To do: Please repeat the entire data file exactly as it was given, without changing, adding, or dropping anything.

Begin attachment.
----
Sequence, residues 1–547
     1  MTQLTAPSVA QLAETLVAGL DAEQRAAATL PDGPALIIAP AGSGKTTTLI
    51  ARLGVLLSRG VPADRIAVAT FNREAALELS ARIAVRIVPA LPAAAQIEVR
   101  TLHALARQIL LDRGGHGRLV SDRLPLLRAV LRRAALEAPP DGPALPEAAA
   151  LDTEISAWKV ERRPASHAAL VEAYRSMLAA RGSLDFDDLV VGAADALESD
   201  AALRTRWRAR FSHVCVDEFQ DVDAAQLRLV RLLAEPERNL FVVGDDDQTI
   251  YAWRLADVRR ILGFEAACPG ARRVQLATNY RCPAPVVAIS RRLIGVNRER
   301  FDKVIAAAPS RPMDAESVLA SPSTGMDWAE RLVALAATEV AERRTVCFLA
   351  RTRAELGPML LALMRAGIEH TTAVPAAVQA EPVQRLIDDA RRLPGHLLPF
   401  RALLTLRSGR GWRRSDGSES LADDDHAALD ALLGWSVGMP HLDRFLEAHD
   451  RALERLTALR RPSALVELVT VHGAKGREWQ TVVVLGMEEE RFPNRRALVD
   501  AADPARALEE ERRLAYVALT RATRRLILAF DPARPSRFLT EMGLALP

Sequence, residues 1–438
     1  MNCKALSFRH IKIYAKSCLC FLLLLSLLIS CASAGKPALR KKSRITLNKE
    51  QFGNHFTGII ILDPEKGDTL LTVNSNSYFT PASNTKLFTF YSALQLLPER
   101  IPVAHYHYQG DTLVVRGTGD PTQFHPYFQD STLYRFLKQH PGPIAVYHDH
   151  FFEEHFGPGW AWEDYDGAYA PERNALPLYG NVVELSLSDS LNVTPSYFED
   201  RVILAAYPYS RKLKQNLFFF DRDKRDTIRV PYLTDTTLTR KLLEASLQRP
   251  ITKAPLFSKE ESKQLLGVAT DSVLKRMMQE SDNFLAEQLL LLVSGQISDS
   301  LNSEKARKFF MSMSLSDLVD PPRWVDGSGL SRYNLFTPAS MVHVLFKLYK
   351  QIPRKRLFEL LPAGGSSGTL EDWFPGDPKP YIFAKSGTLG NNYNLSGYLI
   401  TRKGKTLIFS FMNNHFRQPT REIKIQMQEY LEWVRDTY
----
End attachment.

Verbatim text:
Sequence, residues 1–547
     1  MTQLTAPSVA QLAETLVAGL DAEQRAAATL PDGPALIIAP AGSGKTTTLI
    51  ARLGVLLSRG VPADRIAVAT FNREAALELS ARIAVRIVPA LPAAAQIEVR
   101  TLHALARQIL LDRGGHGRLV SDRLPLLRAV LRRAALEAPP DGPALPEAAA
   151  LDTEISAWKV ERRPASHAAL VEAYRSMLAA RGSLDFDDLV VGAADALESD
   201  AALRTRWRAR FSHVCVDEFQ DVDAAQLRLV RLLAEPERNL FVVGDDDQTI
   251  YAWRLADVRR ILGFEAACPG ARRVQLATNY RCPAPVVAIS RRLIGVNRER
   301  FDKVIAAAPS RPMDAESVLA SPSTGMDWAE RLVALAATEV AERRTVCFLA
   351  RTRAELGPML LALMRAGIEH TTAVPAAVQA EPVQRLIDDA RRLPGHLLPF
   401  RALLTLRSGR GWRRSDGSES LADDDHAALD ALLGWSVGMP HLDRFLEAHD
   451  RALERLTALR RPSALVELVT VHGAKGREWQ TVVVLGMEEE RFPNRRALVD
   501  AADPARALEE ERRLAYVALT RATRRLILAF DPARPSRFLT EMGLALP

Sequence, residues 1–438
     1  MNCKALSFRH IKIYAKSCLC FLLLLSLLIS CASAGKPALR KKSRITLNKE
    51  QFGNHFTGII ILDPEKGDTL LTVNSNSYFT PASNTKLFTF YSALQLLPER
   101  IPVAHYHYQG DTLVVRGTGD PTQFHPYFQD STLYRFLKQH PGPIAVYHDH
   151  FFEEHFGPGW AWEDYDGAYA PERNALPLYG NVVELSLSDS LNVTPSYFED
   201  RVILAAYPYS RKLKQNLFFF DRDKRDTIRV PYLTDTTLTR KLLEASLQRP
   251  ITKAPLFSKE ESKQLLGVAT DSVLKRMMQE SDNFLAEQLL LLVSGQISDS
   301  LNSEKARKFF MSMSLSDLVD PPRWVDGSGL SRYNLFTPAS MVHVLFKLYK
   351  QIPRKRLFEL LPAGGSSGTL EDWFPGDPKP YIFAKSGTLG NNYNLSGYLI
   401  TRKGKTLIFS FMNNHFRQPT REIKIQMQEY LEWVRDTY